Tuesday, January 13, 2015

Drilling deaths by fire, explosion remain high; oil and gas industry says there is no safety problem

Oil and gas production employs less than 1 percent of U.S. workers, but over the past five years the industry has accounted for more than 10 percent of all workforce fatalities from fires and explosions, including at least 16 such deaths in 2014, Mike Soraghan reports for EnergyWire. The number of deaths was 13 in 2013 and 23 in 2012, according to the U.S. Bureau of Labor Statistics.

"The 16 deaths last year can't be accurately compared with the bureau figure because the agency uses its own methodology and keeps confidential the names and companies of the fatalities in its annual count," Soraghan writes. "The industry's high death rate shows the need for more regulation, according to the U.S. Chemical Safety Board, an independent agency charged with investigating industrial accidents."

"CSB has advocated a proposal at the Occupational Safety and Health Administration to lift the drilling exemption from 'process safety management' (PSM) rules intended to prevent industrial explosions." Soraghan writes. The agency said that "High rates of worker injuries and fatalities within this sector suggest that PSM requirements are urgently needed."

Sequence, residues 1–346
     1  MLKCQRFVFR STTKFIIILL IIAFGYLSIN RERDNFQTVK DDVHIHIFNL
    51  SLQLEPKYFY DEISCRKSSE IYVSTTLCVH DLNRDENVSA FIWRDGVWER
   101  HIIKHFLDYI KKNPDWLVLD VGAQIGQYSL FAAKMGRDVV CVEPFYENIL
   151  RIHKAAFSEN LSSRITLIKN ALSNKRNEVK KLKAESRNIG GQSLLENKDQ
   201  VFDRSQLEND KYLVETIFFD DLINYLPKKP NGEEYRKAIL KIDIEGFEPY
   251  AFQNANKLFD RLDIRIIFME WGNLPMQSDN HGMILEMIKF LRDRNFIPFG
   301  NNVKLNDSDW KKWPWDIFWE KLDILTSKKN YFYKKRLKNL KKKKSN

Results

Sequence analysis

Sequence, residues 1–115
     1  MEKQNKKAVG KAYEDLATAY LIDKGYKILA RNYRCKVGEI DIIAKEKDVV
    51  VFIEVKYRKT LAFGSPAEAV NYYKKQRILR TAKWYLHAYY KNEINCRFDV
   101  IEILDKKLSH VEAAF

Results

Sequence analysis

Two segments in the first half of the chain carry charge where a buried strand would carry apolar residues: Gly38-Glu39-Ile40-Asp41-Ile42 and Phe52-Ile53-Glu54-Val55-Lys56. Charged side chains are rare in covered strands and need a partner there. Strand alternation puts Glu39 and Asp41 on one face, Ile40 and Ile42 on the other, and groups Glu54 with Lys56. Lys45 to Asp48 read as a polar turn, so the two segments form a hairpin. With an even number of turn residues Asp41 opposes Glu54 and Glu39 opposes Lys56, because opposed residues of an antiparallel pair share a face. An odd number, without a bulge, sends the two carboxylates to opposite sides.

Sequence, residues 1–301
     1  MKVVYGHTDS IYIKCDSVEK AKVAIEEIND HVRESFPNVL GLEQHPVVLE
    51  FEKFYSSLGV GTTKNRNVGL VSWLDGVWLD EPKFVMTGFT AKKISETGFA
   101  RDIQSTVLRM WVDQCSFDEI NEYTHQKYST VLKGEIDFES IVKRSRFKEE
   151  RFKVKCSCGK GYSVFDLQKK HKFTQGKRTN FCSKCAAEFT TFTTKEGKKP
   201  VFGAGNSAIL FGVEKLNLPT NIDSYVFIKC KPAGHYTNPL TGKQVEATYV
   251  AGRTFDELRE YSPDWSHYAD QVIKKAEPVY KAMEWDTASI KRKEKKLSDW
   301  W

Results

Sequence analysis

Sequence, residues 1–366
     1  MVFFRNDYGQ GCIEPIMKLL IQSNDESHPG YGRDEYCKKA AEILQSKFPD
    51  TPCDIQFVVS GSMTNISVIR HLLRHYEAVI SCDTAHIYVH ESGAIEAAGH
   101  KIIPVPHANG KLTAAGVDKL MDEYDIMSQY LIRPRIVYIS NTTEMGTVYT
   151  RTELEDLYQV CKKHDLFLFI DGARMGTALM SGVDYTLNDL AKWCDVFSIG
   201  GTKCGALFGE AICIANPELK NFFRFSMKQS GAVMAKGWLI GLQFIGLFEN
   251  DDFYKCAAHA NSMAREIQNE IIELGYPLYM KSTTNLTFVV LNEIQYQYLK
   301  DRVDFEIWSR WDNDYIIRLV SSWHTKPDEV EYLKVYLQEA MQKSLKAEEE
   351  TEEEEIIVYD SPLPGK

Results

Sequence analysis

Industry leaders say that safety is not a concern, Soraghan writes. The American Petroleum Institute, the industry's biggest lobbying group, wrote last year in an OSHA filing opposing the PSM change: "There is little performance data showing there is a safety problem at these facilities." (Read more)

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